The Case For Stagflation: A 1970s Economic Redux?

The Case For Stagflation: Prepare For Higher Interest Rates & Energy Prices

Note that this article was co-written with Larry Footer.

Understanding how trends begin and end is often considered an art – but at Market Inflections we prefer to use science. We employ algorithms which help to identify when trends are most likely to begin and end. Today we want to highlight the case for future stagflation in the US Economy.

We typically use these algorithms (which we have named “Euclid”) for portfolio analysis and trading, but there are times when they paint a bigger picture about the economy as a whole. As we are preparing to close the books on 2016, this is one of those times where Euclid has something to say about where the US economy may be headed in the months and years to come – and it’s not painting a very bright picture.

Stagflation is an economic phenomenon marked by the combination of stagnation and inflation: the economic growth rate slows (or goes negative) while the prices of goods and services rise.

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The term stagflation was coined in the 1960s in Great Britain but became well known in the 1970s when oil supply shocks simultaneously sent commodity prices higher as the US and much of Europe entered economic recessions.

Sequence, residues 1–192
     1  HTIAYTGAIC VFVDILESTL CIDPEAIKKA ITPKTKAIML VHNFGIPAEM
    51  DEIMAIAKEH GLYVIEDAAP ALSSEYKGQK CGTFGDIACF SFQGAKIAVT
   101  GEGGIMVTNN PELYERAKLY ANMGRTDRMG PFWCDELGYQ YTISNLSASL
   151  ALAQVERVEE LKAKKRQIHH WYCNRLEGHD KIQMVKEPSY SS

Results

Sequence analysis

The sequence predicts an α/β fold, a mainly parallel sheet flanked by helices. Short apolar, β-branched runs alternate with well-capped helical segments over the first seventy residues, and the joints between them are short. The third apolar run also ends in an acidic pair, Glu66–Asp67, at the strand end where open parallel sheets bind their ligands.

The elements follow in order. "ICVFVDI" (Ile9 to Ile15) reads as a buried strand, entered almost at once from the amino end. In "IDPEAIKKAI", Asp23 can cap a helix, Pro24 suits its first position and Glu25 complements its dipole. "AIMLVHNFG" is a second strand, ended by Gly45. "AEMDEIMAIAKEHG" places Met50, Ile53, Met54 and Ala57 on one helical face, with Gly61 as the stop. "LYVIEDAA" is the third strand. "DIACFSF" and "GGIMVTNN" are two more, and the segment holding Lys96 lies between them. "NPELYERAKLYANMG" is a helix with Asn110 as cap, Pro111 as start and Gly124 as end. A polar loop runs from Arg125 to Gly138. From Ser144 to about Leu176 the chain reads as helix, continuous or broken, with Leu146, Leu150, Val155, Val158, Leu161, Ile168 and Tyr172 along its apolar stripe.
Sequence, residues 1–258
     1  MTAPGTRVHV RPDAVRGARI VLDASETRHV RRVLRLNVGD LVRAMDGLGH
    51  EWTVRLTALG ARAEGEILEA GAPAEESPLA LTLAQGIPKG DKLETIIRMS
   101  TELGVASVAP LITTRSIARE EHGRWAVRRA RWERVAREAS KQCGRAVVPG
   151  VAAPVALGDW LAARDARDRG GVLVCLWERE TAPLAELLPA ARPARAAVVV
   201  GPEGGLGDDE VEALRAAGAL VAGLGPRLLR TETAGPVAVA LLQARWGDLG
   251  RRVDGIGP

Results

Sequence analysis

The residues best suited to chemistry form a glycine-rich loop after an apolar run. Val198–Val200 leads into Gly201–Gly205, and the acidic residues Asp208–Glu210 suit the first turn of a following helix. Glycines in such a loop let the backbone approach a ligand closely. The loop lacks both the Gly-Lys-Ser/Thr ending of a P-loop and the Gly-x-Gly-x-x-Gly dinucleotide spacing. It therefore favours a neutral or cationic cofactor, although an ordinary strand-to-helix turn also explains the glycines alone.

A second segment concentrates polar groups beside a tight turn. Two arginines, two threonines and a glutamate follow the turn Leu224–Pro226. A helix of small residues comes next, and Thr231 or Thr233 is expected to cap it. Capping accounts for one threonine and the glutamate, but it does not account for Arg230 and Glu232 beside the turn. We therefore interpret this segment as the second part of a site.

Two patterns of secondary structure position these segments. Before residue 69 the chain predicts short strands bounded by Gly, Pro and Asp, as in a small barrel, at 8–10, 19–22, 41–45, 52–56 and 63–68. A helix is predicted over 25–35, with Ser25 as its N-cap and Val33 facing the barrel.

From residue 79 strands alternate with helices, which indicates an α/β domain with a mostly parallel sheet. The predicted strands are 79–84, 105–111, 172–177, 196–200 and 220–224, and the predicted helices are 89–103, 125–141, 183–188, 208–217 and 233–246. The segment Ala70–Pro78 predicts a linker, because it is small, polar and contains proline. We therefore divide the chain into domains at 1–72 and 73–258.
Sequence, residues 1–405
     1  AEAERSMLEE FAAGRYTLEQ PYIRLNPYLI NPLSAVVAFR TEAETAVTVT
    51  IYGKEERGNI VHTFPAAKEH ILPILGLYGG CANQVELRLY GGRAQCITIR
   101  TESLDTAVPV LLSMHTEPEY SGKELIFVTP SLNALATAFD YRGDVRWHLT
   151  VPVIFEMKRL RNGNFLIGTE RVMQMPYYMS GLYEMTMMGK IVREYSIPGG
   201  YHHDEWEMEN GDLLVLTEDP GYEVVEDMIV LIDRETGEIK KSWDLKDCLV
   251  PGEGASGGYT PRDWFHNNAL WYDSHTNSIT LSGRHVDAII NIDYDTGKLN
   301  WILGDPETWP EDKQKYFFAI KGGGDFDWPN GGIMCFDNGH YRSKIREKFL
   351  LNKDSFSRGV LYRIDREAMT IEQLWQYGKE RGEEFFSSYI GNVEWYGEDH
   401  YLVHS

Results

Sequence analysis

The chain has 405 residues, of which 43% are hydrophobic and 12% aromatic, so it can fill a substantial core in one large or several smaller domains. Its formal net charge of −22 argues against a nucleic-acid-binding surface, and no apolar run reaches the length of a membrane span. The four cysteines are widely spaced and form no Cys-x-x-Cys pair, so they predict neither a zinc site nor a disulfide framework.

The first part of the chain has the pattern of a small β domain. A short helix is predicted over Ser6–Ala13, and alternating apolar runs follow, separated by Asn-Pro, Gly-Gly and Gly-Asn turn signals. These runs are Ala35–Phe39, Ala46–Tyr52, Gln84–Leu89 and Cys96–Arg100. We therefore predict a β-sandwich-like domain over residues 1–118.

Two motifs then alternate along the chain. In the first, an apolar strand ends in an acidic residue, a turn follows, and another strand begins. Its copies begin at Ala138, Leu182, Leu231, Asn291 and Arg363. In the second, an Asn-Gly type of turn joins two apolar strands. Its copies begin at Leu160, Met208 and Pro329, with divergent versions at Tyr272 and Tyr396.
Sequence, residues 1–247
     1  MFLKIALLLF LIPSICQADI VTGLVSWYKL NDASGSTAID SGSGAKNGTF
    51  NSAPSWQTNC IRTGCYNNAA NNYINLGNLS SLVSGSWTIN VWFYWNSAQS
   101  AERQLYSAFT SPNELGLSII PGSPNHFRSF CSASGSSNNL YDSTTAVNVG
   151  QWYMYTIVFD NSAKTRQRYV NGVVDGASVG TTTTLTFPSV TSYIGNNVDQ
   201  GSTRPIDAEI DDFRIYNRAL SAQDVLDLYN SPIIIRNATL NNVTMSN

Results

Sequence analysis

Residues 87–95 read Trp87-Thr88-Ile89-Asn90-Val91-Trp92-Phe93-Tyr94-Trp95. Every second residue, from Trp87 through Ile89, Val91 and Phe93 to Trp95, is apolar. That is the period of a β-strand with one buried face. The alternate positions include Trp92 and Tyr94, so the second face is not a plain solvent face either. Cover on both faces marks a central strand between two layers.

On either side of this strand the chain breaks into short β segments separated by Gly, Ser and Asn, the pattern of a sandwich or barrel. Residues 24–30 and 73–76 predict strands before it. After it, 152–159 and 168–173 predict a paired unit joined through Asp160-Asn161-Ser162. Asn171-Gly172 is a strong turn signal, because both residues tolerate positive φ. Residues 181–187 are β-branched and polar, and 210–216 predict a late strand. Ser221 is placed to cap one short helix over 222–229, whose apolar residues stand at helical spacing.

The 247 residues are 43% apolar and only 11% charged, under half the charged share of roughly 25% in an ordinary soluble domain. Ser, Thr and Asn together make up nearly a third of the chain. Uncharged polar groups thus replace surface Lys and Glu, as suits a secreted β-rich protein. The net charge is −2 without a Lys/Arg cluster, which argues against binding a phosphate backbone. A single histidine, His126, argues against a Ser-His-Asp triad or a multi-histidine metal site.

Between 1970 (prior to the oil shocks) and 1980 (as Stagflation reached an extreme) Interest Rates rose from 5% to 20%, Crude Oil skyrocketed from $3 to $38, and the Dow Jones Industrial Average dropped 45% adjusted for inflation as three recessions devastated the US economy.

Since the early 1980s, Stagflation has not reared its ugly head – so what would lead us to conclude that a new wave of Stagflation may be on the horizon? This outlandish hypothesis is supported by the fact that Euclid has generated several signals in market areas that suggest this.

financial market uncertaintyHere is a sampling of of signals:

1.  Interest rates are bottoming and Euclid expects rates to trend higher over the next 10-20 years.   i.e. 10-Year Treasury Yield (INDEXCBOE:TNX)

2.  Energy prices are bottoming and Euclid expects them to trend higher over the next 4-5 years.   i.e. Energy Sector (NYSEARCA:XLE)

3.  The stock market is topping and Euclid expects equities to trend lower over the next 4-5 years.   i.e.  S&P 500  (NYSEARCA:SPY)


So, could we see a repeat of the 1970s over the next number of years? By no means are we suggesting that interest rates will rise 400%, oil will skyrocket by over 1000%, or stocks markets will lose half of their value. However, in our final report for the year we present the Case for Stagflation and explain how Euclid is suggesting that in the years to come interest rates and energy prices will rise while stocks and equity markets struggle.

If you would like to download a complimentary copy of this report, please visit this page of our website.  Thanks for reading.


Twitter:  @interestratearb     @larryfooter

The author may have positions in mentioned securities at the time of publication. Any opinions expressed herein are solely those of the author, and do not in any way represent the views or opinions of any other person or entity.